If you want your heart and soul tested, visit Steubenville, Ohio. That's where Jeff Daniels has set his newest play Guest Artist, in which two men a jaded, alcoholic Pulitzer Prize-winning playwright and his young apprentice challenge each other to a duel of wit and will.
The time is the present and the setting is a 1930s-style bus terminal, with curving art moderne lines exquisitely designed by Purple Rose's Bartley H. Bauer. When the play opens, a couple of men are sleeping on benches; the first to rise is youthful Kenneth Waters, played by actor Patrick Michael Kenney. He initiates a frenzied conversation with the ticket seller, played by the inimitable Randall Godwin.
Waters wants to know if he slept through the arrival of the bus carrying playwright Joseph Harris (actor Grant R. Krause). He has been sent by the playhouse's artistic director to pick up the writer, chauffeur him to a hotel and then to the Dean Martin Playhouse, where Harris is set to begin working on the production of his first script in a decade.
For regulars at Purple Rose Theatre, where actor Jeff Daniels is the executive director, this plotline has the ring of truth actually, more like the gong of recognition. Pulitzer Prize-winner Lanford Wilson came to Purple Rose in 1998 and 2000 to present the world premieres of two of his plays. Wilson, like Harris in Guest Artist, was a drinker who is somewhat difficult to work with. And yet, in the opinion of many, he's also a genius.
It's certainly possible that the script for Daniels' play is generated by actual events involving Wilson. The character of Harris is all wit, bon mots and cruel observation. The young Waters idolizes Harris in an adolescent, sycophantic way, so together they're like the odd couple of Steubenville.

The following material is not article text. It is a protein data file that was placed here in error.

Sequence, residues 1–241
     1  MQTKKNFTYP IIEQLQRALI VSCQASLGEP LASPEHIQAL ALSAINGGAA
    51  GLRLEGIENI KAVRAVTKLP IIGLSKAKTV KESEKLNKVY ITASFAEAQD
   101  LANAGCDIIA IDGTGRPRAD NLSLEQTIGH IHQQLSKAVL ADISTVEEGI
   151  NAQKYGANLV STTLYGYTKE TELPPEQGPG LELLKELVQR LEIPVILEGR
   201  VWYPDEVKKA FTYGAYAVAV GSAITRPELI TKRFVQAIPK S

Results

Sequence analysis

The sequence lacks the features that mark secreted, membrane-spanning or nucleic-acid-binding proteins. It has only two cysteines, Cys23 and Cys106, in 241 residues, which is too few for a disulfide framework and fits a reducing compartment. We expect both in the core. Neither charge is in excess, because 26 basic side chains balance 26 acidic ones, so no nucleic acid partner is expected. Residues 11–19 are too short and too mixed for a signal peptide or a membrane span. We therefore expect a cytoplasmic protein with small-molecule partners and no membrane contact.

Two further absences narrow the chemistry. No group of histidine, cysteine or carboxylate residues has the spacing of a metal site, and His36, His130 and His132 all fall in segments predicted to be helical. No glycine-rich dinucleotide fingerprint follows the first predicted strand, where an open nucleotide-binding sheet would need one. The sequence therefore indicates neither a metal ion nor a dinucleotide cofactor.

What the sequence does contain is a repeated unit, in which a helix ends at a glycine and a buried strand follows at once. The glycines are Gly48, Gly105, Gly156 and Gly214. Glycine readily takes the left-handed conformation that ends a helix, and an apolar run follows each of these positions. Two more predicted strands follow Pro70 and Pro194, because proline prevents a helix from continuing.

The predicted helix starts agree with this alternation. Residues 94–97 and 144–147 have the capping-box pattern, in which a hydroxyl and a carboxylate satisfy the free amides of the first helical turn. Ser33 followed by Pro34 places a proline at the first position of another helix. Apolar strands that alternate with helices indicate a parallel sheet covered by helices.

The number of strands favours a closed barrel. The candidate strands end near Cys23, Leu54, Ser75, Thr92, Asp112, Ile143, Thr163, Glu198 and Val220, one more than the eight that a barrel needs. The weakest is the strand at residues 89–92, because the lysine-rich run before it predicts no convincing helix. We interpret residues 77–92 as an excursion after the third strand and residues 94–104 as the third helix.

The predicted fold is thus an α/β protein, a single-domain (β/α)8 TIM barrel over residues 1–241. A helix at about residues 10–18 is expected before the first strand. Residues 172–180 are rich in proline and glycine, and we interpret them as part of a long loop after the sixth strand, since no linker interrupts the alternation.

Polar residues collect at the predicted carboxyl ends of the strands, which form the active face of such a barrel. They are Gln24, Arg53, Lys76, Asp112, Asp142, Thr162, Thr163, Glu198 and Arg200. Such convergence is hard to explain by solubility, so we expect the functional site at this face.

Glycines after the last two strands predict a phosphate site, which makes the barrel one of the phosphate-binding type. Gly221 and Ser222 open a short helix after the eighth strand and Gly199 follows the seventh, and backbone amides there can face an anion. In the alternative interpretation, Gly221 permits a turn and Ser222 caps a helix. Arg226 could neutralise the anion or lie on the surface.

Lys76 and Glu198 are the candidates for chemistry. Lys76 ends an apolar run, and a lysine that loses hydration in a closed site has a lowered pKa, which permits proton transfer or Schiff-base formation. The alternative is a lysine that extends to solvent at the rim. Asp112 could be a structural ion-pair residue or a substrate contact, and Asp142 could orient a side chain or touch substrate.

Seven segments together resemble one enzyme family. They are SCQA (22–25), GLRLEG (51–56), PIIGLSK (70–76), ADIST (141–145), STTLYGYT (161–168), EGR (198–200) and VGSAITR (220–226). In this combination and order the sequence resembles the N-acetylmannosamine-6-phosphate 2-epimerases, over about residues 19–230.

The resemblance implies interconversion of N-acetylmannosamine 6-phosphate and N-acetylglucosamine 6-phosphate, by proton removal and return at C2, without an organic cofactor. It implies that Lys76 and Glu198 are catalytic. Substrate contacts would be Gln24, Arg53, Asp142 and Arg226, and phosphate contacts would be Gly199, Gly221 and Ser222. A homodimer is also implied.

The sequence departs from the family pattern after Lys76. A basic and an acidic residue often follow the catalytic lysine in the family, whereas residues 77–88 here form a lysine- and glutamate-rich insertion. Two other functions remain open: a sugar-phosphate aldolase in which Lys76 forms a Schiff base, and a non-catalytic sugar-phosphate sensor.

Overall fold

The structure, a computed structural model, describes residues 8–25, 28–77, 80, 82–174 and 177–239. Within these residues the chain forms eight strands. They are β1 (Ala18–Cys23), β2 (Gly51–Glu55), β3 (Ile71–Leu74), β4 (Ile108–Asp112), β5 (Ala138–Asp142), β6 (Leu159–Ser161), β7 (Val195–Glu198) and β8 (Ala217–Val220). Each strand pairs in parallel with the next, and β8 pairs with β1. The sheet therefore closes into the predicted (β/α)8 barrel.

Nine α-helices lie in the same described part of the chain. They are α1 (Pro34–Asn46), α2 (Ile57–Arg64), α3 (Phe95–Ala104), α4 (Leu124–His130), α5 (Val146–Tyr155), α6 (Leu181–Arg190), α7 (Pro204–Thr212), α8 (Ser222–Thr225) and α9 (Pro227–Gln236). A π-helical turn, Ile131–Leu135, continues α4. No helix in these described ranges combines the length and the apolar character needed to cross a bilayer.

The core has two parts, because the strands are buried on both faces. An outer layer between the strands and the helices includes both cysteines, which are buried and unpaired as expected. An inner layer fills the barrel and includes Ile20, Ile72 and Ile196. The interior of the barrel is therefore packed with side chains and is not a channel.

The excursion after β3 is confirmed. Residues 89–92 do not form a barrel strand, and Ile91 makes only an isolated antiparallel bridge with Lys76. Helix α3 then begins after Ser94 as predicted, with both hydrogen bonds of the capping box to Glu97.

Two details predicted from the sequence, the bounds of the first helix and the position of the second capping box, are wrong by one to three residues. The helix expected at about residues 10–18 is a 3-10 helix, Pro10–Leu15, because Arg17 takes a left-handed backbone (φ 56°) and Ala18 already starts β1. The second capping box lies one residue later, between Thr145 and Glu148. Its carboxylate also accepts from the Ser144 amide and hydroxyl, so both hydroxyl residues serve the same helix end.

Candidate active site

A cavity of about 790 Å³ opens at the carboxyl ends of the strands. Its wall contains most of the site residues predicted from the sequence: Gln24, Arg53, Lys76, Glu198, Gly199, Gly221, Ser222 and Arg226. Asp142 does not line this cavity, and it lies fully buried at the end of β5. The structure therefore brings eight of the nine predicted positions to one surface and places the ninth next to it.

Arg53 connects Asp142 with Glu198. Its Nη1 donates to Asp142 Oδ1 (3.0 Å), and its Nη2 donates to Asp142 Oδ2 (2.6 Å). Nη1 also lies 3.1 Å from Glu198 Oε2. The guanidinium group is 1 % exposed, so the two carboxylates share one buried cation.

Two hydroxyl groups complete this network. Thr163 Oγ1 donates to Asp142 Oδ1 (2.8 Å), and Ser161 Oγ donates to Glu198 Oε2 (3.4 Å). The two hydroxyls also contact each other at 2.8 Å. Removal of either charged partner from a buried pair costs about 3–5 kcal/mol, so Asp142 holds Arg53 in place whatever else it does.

The dramatic clash the thrill ride begins when Harris insists on having a drink before he goes anywhere, but Waters is under strict orders not to let the wild man anywhere near a bottle. And hell hath no fury like a drunkard without a glass. That's when negotiations begin: Will Harris be kind enough to look over the budding writer's script, a play called ouch The Great American Play. Or, sans drink, will Harris hop back onto the bus? Will Waters buy him that drink?
By the end of Act 1, Harris has agreed to, at the very least, read the apprentice's play, before boarding. In Act 2, the Pulitzer winner faces his demons, thanks to the young admirer. This is when the play's comedy melts away, and what's left is tragedy.
Guy Sanville directs this production with his usual brio. And in what is essentially a two-character play, it's good that Godwin, as the ticket seller, is there for comic relief. He takes his time setting up his laughs, and scores every time. As playwright Harris, Krause is a superb madman, equal parts off-the-wall and angry, he gives a fine, nuanced performance. But Patrick Michael Kenney, as Waters, is just under the mark in Act 1; he is supposed to be tentative and fumbling but comes across more as inhibited and a bit nervous. In Act 2, he opens up and is no longer just a pretty face resembling television's Neil Patrick Harris.
The only fault in this polished and compelling production is that both Kenney and Krause speak occasionally at a near-whisper. Even in the second row, some lines never reach the audience. Dynamics of speech are wonderful in performances, but while the highs are wonderful here, the lows are not. And to be sure, we want to hear every word of this Daniels play.
8 p.m., Wednesdays-Saturdays, with additional shows at 2 p.m. on Saturdays and 3 p.m. on Sundays, through March 18, at the Purple Rose Theatre Company, 137 Park St. in Chelsea; 734-433-7673. Tickets $25-$35.Michael H. Margolin wirtes about theater and the performing arts for Metro Times. Send comments to firstname.lastname@example.org
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